Wednesday, December 22, 2010

Campfire OK - Strange Like We Are

A lot of comparisons are being drawn in the press between Campfire OK and the Fleet Foxes. Both bands are from the Seattle area, and both bands put their distinct mark upon that rather nebulous music genre known as Americana. Sure, Campfire OK skirts along the peripherals like their more famous counterparts and deliver a sound that is very unlike the basic primers most artists provide when they want to dip into the "American music" songbook. But apart from a very fox-like title cut, the debut CD from this quartet blazes its own trail and sounds rich, calm and mature in a way that few new bands do.

Strange Like We Are, on the Ana-them label, is filled with the sounds of banjos, brass and delicate harmonies, but it's the vocals that will remind you more of Ben Gibbard of Death Cab for Cutie--another band that hails from Washington--than anything. Add a living, pulsing piano that provides nearly all of the momentum to these songs (mostly notably in the opener, the dreamlike "We Lay in Caves") and you have a band that isn't sloppy or threadbare, as is the current fashion. With rolling, intricate percussion, Campfire OK achieves an overall sound that is much like a river flowing with steady density, richness and power.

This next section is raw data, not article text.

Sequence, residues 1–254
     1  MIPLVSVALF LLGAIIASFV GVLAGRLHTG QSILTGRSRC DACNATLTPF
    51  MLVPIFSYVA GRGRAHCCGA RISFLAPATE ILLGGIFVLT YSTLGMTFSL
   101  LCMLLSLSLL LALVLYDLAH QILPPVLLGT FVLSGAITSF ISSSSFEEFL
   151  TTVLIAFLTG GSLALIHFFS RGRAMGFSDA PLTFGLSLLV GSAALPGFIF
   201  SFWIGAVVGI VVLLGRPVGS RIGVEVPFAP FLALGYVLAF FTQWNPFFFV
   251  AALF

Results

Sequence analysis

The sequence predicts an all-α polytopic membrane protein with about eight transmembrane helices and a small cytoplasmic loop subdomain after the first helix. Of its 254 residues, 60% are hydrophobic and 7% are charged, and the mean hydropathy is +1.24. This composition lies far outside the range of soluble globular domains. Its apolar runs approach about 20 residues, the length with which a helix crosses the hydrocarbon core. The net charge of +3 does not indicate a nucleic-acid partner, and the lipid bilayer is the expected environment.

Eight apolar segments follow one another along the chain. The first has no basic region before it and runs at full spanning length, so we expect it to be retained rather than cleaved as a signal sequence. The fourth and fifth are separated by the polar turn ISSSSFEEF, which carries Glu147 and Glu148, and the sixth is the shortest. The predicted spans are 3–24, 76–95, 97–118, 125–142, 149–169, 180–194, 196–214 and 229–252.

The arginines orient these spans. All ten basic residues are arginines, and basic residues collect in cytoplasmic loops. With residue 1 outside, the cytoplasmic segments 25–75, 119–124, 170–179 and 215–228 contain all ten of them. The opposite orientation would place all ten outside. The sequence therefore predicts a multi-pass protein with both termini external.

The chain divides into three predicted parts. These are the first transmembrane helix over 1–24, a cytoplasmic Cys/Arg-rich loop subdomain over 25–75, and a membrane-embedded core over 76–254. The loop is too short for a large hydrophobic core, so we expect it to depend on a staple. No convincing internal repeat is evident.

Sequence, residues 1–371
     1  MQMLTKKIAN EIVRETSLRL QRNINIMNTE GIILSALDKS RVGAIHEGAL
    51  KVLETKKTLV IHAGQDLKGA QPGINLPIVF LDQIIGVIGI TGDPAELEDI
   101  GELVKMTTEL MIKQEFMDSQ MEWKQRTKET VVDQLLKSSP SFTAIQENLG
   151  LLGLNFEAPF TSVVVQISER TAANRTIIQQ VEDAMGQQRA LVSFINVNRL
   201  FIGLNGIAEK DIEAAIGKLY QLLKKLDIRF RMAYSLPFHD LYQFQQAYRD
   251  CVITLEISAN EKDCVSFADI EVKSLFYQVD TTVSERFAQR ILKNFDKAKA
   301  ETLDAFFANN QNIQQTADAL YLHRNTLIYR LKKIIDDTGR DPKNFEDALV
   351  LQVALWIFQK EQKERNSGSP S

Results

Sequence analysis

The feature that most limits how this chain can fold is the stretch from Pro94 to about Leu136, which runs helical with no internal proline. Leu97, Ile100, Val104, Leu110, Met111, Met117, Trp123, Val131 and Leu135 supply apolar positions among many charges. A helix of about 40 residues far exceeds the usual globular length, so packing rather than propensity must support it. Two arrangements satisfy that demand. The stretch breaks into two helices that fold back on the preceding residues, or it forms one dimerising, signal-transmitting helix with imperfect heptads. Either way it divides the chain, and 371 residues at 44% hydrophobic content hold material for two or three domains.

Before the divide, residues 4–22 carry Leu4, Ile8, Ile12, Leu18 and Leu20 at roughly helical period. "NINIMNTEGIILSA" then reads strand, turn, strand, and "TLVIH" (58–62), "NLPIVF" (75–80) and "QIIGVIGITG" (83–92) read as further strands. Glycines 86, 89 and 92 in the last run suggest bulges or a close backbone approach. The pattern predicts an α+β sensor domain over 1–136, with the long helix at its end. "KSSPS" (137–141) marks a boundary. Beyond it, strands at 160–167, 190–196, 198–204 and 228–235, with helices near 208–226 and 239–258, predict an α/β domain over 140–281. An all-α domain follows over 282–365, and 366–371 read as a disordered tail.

The band members only go by their last names--even on their Facebook page. Van Der Speck plays bass and vocals, Dagworth plays percussion, Hannigan plays banjo and brass, Goodweather plays piano and vocals and Exworthy is on keyboards and vocals. In one interview, the band members made a point of saying that while they all studied musical instruments when they were younger, they wound up playing completely different instruments as Campfire OK. I'm not sure what that adds or subtracts to the music since this quintet is clearly accomplished, but it's certainly an interesting little tidbit. If anything, these guys are cultivating an enigmatic vibe.

So if you're hanging on tight for the next Fleet Foxes album (which should arrive early next year), this album will help you get your fix. But that shortchanges Campfire OK in the long run. This band is distinctive enough to merit its own place in the folk/americana/indie world, and hopefully they'll make it based upon the music of this superb album. Personally, I put it on my top ten for the year.

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